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Mining Questions about Software Energy Consumption
Gustavo Pinto, Fernando Castor, and Yu David Liu
(Federal University of Pernambuco, Brazil; SUNY Binghamton, USA)
A growing number of software solutions have been proposed to address application-level energy consumption problems in the last few years. However, little is known about how much software developers are concerned about energy consumption, what aspects of energy consumption they consider important, and what solutions they have in mind for improving energy efficiency. In this paper we present the first empirical study on understanding the views of application programmers on software energy consumption problems. Using StackOverflow as our primary data source, we analyze a carefully curated sample of more than 300 questions and 550 answers from more than 800 users. With this data, we observed a number of interesting findings. Our study shows that practitioners are aware of the energy consumption problems: the questions they ask are not only diverse -- we found 5 main themes of questions -- but also often more interesting and challenging when compared to the control question set. Even though energy consumption-related questions are popular when considering a number of different popularity measures, the same cannot be said about the quality of their answers. In addition, we observed that some of these answers are often flawed or vague. We contrast the advice provided by these answers with the state-of-the-art research on energy consumption. Our summary of software energy consumption problems may help researchers focus on what matters the most to software developers and end users.
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Code Clones and Origin Analysis

Prediction and Ranking of Co-change Candidates for Clones
Manishankar Mondal, Chanchal K. Roy, and Kevin A. Schneider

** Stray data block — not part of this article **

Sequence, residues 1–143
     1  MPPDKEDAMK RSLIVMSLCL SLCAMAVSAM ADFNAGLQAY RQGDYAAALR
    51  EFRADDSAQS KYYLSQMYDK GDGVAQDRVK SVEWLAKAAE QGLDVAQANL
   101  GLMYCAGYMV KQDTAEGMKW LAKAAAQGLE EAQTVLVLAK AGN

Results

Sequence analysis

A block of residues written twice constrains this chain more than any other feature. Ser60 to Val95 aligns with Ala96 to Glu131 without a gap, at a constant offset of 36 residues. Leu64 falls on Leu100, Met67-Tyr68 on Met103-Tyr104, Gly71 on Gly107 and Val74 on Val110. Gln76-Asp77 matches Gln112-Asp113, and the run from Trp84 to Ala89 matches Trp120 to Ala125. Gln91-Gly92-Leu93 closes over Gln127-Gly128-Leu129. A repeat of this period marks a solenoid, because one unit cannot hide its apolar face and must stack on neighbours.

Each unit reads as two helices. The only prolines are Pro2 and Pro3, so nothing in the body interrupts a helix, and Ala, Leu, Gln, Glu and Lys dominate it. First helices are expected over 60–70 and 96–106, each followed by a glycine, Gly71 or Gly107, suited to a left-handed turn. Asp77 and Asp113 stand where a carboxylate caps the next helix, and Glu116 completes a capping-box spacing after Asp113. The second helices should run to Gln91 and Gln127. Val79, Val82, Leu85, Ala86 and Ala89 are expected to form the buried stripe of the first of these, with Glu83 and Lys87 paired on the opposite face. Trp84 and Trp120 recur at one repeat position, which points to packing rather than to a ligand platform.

(University of Saskatchewan, Canada)
Code clones are identical or similar code fragments scattered in a code-base. A group of code fragments that are similar to one another form a clone group. Clones in a particular group often need to be changed together (i.e., co-changed) consistently. However, all clones in a group might not require consistent changes, because some clone fragments might evolve independently. Thus, while changing a particular clone fragment, it is important for a programmer to know which other clone fragments in the same group should be consistently co-changed with that particular clone fragment. In this research work, we empirically investigate whether we can automatically predict and rank these other clone fragments (i.e., the co-change candidates) from a clone group while making changes to a particular clone fragment in this group. For prediction and ranking we automatically retrieve and infer evolutionary coupling among clones by mining the past clone evolution history. Our experimental result on six subject systems written in two different programming languages (C, and Java) considering both exact and near-miss clones implies that we can automatically predict and rank co-change candidates for clones by analyzing evolutionary coupling. Our ranking mechanism can help programmers pinpoint the likely co-change candidates while changing a particular clone fragment and thus, can help us to better manage software clones.
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Incremental Origin Analysis of Source Code Files
Daniela Steidl, Benjamin Hummel, and Elmar Juergens
(CQSE, Germany)
The history of software systems tracked by version control systems is often incomplete because many file movements are not recorded. However, static code analyses that mine the file history, such as change frequency or code churn, produce precise results only if the complete history of a source code file is available. In this paper, we show that up to 38.9% of the files in open source systems have an incomplete history, and we propose an incremental, commit-based approach to reconstruct the history based on clone information and name similarity. With this approach, the history of a file can be reconstructed across repository boundaries and thus provides accurate information for any source code analysis. We evaluate the approach in terms of correctness, completeness, performance, and relevance with a case study among seven open source systems and a developer survey.